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ibusinesslines.com May 25, 2018


Iran: Rouhani leads initial count; over 70 percent turnout

20 May 2017, 04:51 | Myron Mathis

Iran: Rouhani leads initial count; over 70 percent turnout

Female voters queue at a polling station for the presidential and municipal council election in the city of Qom 78 miles south of the capital Tehran Iran Friday. Iranians began voting Friday in the country’s first presidential election since its nucl

When he was swept to office four years ago with three times as many votes as his nearest challenger, Iranians held high hopes that he could fulfil his promises to reduce the country's isolation overseas and bring more freedoms at home. Oscar-winning director Asghar Farhadi, a vocal Rouhani supporter, voted in Cannes, France where he was attending the film festival.

Official results, which will be announced by Iran's Ministry of Interior, are not expected until later this weekend.

Raisi is seen by many as close to Ayatollah Ali Khamenei, Iran's current supreme leader, though Khamenei has not gone so far as to endorse Raisi.

While Raisi had been widely seen as Khamenei's preferred candidate, Rouhani had history and hope on his side.

Under Iran's system of government, which was implemented after the 1979 Islamic Revolution, all candidates must be vetted by a religious panel prior to gaining approval to run for president. They had thrown their support behind Raisi to safeguard its interests. "I believe that the presidential election is very important".

"We want freedom of the press", he declared.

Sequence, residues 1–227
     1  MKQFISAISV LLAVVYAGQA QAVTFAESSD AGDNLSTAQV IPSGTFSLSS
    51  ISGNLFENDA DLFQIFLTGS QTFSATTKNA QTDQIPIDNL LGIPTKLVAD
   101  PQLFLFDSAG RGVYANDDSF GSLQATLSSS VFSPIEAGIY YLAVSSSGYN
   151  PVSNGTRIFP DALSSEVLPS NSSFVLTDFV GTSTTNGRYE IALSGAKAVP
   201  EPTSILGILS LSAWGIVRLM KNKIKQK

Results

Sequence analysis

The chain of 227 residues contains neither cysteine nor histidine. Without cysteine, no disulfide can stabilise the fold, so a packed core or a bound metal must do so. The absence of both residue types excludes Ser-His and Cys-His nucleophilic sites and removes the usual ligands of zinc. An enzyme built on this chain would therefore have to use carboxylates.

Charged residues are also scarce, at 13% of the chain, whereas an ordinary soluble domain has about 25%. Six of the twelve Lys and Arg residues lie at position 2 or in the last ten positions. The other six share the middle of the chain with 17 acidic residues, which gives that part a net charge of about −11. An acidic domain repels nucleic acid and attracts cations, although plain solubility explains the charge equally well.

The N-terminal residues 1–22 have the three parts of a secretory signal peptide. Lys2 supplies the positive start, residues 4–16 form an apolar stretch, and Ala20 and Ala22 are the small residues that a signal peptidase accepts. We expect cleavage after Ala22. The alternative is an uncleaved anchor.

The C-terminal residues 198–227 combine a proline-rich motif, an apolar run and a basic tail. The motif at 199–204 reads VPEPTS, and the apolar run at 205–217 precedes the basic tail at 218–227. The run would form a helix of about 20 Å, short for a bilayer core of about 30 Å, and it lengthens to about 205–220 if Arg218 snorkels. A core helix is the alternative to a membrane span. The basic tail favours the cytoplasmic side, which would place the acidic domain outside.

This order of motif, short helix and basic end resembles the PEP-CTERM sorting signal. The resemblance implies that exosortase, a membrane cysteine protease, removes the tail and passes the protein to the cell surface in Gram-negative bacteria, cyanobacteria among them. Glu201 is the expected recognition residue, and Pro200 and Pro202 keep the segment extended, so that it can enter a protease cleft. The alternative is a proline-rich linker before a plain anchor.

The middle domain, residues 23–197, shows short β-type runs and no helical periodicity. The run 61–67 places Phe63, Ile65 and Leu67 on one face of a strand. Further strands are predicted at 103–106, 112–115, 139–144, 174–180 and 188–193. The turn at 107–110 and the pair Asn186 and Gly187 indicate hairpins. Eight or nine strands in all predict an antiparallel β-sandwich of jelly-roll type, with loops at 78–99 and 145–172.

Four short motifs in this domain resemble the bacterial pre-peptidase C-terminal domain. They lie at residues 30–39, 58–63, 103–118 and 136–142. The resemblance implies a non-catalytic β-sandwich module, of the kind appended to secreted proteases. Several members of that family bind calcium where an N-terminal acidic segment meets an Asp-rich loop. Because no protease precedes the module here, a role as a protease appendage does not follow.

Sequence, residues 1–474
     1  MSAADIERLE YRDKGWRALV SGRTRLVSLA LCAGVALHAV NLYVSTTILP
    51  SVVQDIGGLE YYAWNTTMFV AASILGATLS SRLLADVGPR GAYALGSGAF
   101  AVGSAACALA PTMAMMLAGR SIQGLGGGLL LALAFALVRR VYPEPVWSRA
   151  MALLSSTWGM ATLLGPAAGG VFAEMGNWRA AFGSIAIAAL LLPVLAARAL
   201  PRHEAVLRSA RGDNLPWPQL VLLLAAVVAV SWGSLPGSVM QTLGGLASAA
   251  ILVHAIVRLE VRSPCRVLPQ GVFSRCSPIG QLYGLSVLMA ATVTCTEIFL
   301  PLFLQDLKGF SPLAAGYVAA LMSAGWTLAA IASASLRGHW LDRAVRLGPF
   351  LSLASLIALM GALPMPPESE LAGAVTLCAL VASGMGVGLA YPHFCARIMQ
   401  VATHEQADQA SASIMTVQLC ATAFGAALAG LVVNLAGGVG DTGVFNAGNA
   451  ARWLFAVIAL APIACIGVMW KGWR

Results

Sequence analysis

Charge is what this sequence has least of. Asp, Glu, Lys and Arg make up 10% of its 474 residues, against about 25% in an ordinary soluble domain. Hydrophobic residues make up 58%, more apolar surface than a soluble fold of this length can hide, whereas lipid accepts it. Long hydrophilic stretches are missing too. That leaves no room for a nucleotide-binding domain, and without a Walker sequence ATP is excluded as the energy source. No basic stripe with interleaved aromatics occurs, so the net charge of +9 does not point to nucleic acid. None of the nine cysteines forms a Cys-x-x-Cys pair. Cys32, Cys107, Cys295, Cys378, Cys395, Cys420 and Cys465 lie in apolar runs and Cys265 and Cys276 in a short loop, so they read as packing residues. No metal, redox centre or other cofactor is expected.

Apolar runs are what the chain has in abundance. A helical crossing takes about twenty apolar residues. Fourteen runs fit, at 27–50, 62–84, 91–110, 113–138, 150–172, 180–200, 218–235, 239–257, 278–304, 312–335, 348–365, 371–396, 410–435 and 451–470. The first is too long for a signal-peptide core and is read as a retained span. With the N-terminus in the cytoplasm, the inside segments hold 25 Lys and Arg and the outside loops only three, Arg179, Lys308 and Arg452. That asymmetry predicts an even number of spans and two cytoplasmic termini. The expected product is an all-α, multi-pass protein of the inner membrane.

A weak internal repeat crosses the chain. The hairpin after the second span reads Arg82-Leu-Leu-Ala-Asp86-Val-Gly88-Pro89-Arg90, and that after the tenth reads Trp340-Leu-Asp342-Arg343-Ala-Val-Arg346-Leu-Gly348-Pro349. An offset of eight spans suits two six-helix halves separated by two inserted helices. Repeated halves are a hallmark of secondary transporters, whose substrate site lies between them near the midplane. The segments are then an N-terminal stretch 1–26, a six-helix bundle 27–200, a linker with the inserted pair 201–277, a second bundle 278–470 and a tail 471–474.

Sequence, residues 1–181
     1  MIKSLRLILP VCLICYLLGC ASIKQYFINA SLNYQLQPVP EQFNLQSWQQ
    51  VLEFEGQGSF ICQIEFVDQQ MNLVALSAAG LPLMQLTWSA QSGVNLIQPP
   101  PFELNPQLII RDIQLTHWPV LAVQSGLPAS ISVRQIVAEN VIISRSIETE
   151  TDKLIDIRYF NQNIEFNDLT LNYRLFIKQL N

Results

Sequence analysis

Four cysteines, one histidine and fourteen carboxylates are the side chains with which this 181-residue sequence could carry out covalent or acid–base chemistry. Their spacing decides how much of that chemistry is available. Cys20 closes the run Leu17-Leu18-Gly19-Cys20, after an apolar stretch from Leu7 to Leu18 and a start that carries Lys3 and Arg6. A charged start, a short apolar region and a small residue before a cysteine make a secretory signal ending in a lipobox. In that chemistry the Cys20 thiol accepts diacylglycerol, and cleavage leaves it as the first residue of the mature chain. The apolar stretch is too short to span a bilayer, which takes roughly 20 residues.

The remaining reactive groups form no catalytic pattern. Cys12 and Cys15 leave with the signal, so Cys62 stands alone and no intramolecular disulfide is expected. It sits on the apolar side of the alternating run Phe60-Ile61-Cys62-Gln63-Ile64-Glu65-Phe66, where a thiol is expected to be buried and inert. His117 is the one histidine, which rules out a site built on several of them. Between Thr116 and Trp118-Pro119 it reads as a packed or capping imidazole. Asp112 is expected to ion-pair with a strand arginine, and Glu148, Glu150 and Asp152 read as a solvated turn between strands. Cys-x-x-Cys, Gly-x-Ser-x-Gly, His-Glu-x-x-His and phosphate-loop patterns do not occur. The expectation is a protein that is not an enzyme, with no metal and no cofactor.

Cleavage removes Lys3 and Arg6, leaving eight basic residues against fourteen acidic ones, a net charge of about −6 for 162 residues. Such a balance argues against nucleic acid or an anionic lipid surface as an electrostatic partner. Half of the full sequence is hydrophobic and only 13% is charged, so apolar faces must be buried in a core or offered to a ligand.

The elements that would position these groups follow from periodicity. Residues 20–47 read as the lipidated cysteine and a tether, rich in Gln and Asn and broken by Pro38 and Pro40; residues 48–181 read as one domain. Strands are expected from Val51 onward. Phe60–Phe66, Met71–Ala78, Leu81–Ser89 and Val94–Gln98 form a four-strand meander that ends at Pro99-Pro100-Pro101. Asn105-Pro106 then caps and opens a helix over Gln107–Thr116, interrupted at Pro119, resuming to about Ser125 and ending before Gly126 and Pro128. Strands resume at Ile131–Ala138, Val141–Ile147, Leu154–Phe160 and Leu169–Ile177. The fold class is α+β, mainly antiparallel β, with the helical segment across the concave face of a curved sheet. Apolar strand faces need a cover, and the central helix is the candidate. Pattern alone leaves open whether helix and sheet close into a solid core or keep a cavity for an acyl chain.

The election is largely viewed as a referendum on the 68-year-old cleric's more moderate policies, which paved the way for the nuclear accord despite opposition from hard-liners. Rouhani promised in his 2013 campaign to free the men, but that pledge so far remains unfulfilled.

Rouhani, a moderate, was a key architect of the 2015 nuclear deal with the United States, the European Union and other partners and his first term was marked by an emergent worldwide engagement. Rouhani has been unable to secure the release of reformist leaders from house arrest, and media are barred from publishing the words or images of his reformist predecessor Khatami.

"Democracy in Iran is allowed to bloom only a few days every four years, while autocracy is evergreen".

Rouhani, considered a moderate, was a key architect of the 2015 nuclear deal with the United States, the European Union and other partners.


(AP Photo/Vahid Salemi). Supporters of Iranian President Hassan Rouhani flash the victory sign from their auto outside a polling station for the presidential and municipal councils election, in Tehran, Iran, Friday, May 19, 2017.

Meanwhile, U.S. President Trump arrived in Saudi Arabia Saturday morning, for a visit with the country's royal leaders.

Rouhani, known for decades as a mild-mannered member of the establishment, campaigned as an ardent reformist to stir up the passions of young, urban voters yearning for change. At times he crossed traditional rhetorical boundaries, openly attacking the human rights record of the security forces and the judiciary.

The big turnout appeared to have favoured Rouhani, whose backers' main worry has been apathy among reformist-leaning voters disappointed with the slow pace of change.

But Raisi's lackluster performance in televised debates - and his role in approving the executions of thousands of political prisoners in the 1980s - turned off many voters. A sense of guilt haunts me if I don't vote."As people walked out of the hall after casting their vote, others cheered and slapped their backs while some took selfies."There is close fight between President Hassan Rouhani and Ebrahim Raisi".

"We had a bet among friends, and I said Raisi would win and I think that encouraged a few of my friends who might not have voted to come out and vote".

Voters stand in a queue to cast their ballots during the presidential election in a Jewish and Christian district in the center of Tehran, Iran, May 19, 2017.

Raisi has blamed Rouhani for mismanaging the economy and has travelled to poor areas holding rallies, pledging more welfare benefits and jobs.

REZA SAYAH: Marandi says, no matter who wins the vote, U.S. -Iran relations will remain icy, and, he says, there is little chance of confrontation.



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